Jan de Bont’s Twister (1996) is a one premise wonder – two hours into the oft’ thoughtless and occasionally mind-numbing stupidity of a particular group of storm chasers obsessed with getting up close and personal with Mother Nature’s most awesome forces of destruction. And yet, in hindsight, and particularly in lieu of the dreck being peddled in America’s cinemas today as ‘action’ entertainment, it could almost pass as high art. America’s ‘tornado alley’ is a perennial nightmare for its mid-western residents, stretching from northern Texas, through Oklahoma, Kansas and into Nebraska; an ominous, if seemingly uninspired stretch of flat rural plains, occasionally dotted with the imposing wood-framed farmhouse or modern day metal-constructed barn; neither particularly weather resistant against the howling F-5 wind tunnels barreling through town when the barometer suddenly falls and the toxic clash of cool dry air mixes with a warm body of humidity traveling south.
Okay, big surprise; you’re not watching a movie like Twister for plot. And yet, the narrative loosely strung together by screenwriters, Michael Crichton and Anne-Marie Martin in between hellish touchdowns is not as bent on clichés as one might expect. Oh sure, we still have the feuding love/hate thing happening between butch weather guy, Bill Harding (Bill Paxton) and his tart-mouthed soon (never to be) ex, Dr. Jo Harding (Helen Hunt). There is even more foreseeable male chest-thumping concerning Bill – ostensibly retired from the fray and thus considered something of a sell-out and figure of fun - and rival storm chaser, Dr. Jonas Miller (Carey Elwes) – an anemic egghead who fatally relies on scientific instrumentation rather than intuition to pursue his kicks. Finally, and, of course, we get a lovable assortment of ragamuffins, played by the late Philip Seymour Hoffman (looney tune, Dustin Davis), Lois Smith (as Jo’s aunt/I-Mother Earth metal artist, Meg Greene) and Jami Gertz (a basket case psychoanalyst – and Bill’s fiancée, Dr. Melissa Reeves). No one could ever accuse Twister of being the new ‘Gone with the Wind’ (pun intended), even if this is the mother of all gales taking Dorothy back to Kansas. Even so, director, Jan de Bont has come up with a summer blockbuster that, so many years later, continues to divert, entertain and numb the senses; just the sort of caliginous claptrap of CGI and melodrama one might expect from a TNT movie of the week/Weather Channel hybrid.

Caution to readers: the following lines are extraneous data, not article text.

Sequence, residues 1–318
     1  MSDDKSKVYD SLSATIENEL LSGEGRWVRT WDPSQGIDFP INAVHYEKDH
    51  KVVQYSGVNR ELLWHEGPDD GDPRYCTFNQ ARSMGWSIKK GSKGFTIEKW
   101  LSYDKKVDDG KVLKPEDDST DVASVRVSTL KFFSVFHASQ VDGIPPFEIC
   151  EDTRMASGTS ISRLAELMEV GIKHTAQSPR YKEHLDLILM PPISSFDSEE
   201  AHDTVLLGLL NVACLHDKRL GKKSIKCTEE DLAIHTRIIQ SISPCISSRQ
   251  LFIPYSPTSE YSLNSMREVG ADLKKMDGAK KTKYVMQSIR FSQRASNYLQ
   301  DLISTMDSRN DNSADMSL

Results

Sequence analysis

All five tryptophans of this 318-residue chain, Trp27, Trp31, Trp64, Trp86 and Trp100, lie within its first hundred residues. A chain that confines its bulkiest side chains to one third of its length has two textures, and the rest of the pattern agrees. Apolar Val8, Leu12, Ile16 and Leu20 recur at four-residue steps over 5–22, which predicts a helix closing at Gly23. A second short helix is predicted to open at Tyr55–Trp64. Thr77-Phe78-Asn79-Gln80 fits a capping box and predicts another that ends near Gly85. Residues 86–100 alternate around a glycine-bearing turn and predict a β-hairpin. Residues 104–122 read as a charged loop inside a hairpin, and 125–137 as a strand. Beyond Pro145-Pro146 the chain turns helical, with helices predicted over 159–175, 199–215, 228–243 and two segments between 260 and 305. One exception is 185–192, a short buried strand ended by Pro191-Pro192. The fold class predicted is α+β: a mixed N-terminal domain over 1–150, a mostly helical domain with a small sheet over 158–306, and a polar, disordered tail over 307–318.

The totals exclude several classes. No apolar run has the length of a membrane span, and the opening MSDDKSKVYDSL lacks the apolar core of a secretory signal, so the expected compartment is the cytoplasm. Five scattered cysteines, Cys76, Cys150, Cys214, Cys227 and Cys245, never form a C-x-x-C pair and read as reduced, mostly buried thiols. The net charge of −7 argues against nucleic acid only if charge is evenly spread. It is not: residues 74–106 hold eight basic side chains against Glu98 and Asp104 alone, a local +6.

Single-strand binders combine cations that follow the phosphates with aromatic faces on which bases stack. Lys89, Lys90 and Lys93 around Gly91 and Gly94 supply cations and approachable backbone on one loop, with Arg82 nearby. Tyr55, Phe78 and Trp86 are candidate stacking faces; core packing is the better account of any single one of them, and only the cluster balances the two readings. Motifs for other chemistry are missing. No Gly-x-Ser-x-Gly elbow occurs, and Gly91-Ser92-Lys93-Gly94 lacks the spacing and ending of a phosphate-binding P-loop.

I may sound like I’m bashing Twister, but actually, upon renewed viewing I have discovered – much to my own shock and amazement – its cornball idiocy and then state-of-the-art special effects hold up rather nicely, even under my jaded scrutiny. Miraculously, the plot (such as it is) is more than sustainable. Like so many summer blockbusters that were to follow and less successfully copy it, Twister is not a narrative movie per say (although there is something of a ‘story’ to be had between funnel clouds). But in hindsight, Twister is merely an excuse for digital effects artists to show off some of the uber-clever tricks in their CGI toolbox. And, having seen enough truly awful CGI since to know the difference, I have to say what’s here is fairly competently rendered; the digital world colliding rather succinctly – and invisibly – with the live action and dumb show from our actors. The Crichton/Martin screenplay plays it safe, distilling the science of storm chasing into bare bones factoids so as not to bore the audience. Instead, we are left with the occasionally stomach-churning and usually woeful and pedestrian lamentation of a severely flawed lover's triangle, relying almost entirely on star personalities to carry the menial dialogue sandwiched between harrowing sequences of gale force annihilation.